There has been a striking generational increase in life-threatening food allergies in Westernized societies1,2. One hypothesis to explain this rising prevalence is that twenty-first century lifestyle practices, including misuse of antibiotics, dietary changes, and higher rates of Caesarean birth and formula feeding have altered intestinal bacterial communities; early-life alterations may be particularly detrimental3,4. To better understand how commensal bacteria regulate food allergy in humans, we colonized germ-free mice with feces from healthy or cow’s milk allergic (CMA) infants5. We found that germ-free mice colonized with bacteria from healthy, but not CMA, infants were protected against anaphylactic responses to a cow’s milk allergen. Differences in bacterial composition separated the healthy and CMA populations in both the human donors and the colonized mice. Healthy and CMA colonized mice also exhibited unique transcriptome signatures in the ileal epithelium. Correlation of ileal bacteria with genes upregulated in the ileum of healthy or CMA colonized mice identified a clostridial species, Anaerostipes caccae, that protected against an allergic response to food. Our findings demonstrate that intestinal bacteria are critical for regulating allergic responses to dietary antigens and suggest that interventions that modulate bacterial communities may be therapeutically relevant for food allergy.
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The open-source analysis software used in this study is publicly available and referenced as appropriate. Custom codes are available from the corresponding author upon request.
The data that support the findings of this study are available from the corresponding author upon request. The 16S rRNA and RNA-seq raw FastQ sequencing files were deposited into the National Center for Biotechnology Information Sequence Read Archive and are available under the accession numbers SRP130620 and SRP130644, respectively. Additional processed data reported in this study are available upon request.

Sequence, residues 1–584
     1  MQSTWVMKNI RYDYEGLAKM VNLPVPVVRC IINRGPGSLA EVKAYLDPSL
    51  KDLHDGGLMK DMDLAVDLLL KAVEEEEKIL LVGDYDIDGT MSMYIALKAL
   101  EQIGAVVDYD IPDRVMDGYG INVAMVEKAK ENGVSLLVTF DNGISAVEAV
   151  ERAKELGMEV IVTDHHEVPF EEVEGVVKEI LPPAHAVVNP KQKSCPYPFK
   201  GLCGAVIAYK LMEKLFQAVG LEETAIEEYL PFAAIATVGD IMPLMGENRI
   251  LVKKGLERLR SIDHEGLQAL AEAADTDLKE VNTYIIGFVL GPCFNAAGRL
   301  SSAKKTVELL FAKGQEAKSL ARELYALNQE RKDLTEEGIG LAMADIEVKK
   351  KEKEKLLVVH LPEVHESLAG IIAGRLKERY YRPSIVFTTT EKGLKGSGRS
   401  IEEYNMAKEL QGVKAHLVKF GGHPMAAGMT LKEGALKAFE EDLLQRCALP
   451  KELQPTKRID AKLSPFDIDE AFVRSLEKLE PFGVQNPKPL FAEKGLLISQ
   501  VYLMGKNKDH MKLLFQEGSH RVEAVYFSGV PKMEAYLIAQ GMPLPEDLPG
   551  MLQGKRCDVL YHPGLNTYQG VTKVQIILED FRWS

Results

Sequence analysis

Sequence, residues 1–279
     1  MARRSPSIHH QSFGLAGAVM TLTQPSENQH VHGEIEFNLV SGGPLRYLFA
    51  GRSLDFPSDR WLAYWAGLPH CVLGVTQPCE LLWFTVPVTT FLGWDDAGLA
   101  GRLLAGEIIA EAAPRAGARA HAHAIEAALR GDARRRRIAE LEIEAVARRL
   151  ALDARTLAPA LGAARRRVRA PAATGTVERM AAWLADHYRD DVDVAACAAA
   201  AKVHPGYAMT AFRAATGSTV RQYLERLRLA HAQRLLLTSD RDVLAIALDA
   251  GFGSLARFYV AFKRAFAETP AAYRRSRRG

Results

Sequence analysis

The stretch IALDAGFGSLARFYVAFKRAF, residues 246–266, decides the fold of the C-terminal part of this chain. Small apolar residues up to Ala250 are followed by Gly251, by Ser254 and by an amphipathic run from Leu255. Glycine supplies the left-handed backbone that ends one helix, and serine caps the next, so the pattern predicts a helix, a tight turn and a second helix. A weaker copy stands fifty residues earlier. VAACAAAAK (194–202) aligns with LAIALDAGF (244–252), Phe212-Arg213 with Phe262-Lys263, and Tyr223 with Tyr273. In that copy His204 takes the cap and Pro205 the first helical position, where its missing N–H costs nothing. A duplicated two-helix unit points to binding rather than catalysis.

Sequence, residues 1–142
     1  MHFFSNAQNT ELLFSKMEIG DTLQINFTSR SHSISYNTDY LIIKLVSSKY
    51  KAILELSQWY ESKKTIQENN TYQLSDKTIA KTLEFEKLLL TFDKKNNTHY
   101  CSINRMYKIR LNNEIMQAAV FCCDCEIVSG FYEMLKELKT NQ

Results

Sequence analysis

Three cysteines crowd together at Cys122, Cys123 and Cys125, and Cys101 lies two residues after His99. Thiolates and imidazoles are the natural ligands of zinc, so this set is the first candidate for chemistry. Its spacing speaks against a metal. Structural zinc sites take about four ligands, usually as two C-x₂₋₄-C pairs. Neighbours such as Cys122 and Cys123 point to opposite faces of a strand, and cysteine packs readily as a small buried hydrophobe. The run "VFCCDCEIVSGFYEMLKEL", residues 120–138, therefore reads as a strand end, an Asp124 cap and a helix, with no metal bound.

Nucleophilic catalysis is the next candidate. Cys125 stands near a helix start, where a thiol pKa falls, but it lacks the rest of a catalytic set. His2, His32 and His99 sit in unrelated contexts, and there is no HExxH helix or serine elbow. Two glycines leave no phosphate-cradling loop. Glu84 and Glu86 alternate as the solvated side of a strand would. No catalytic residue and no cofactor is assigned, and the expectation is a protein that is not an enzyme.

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We thank the children and families for their participation in this study. We are grateful to D. Wesemann, E. Forbes-Blom, G. Nunez, M. Rothenberg, M. Alegre and J. Colson for discussion. We thank S. Wang, M. Bauer and A. Kemter for assistance with some experiments, M. Jarsulic for technical assistance with computing infrastructure, K. Hernandez for discussion of the statistical results and C. Weber for histopathological evaluation of all intestinal sections. Statistical consultation was also provided by M. Giurcanu of the University of Chicago Biostatistics Laboratory. We are grateful to B. Theriault and her staff at the University of Chicago Gnotobiotic Research Animal Facility for superb animal care and experimental support. This work was supported by the Sunshine Charitable Foundation (C.R.N.), a pilot award from the University of Chicago Institute for Translational Medicine (CTSA ULI TR000430, C.R.N.), National Institutes of Health (NIH) grants AI134923 (C.R.N.), DK42086 (D.A.A.) and an Italian Ministry of Health grant PE-2011-02348447 (R.B.C.). The Center for Research Informatics is funded by the Biological Sciences Division at the University of Chicago with additional support provided by the Institute for Translational Medicine/Clinical and Translational Award (NIH 5UL1TR002389-02), and the University of Chicago Comprehensive Cancer Center Support Grant (NIH P30CA014599). Bioinformatics analysis was performed on Gardner High-Performance Computing clusters at the Center for Research Informatics at the University of Chicago. A provisional US patent application (62/755,945) was filed on 5 November 2018.
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Current Allergy and Asthma Reports (2019)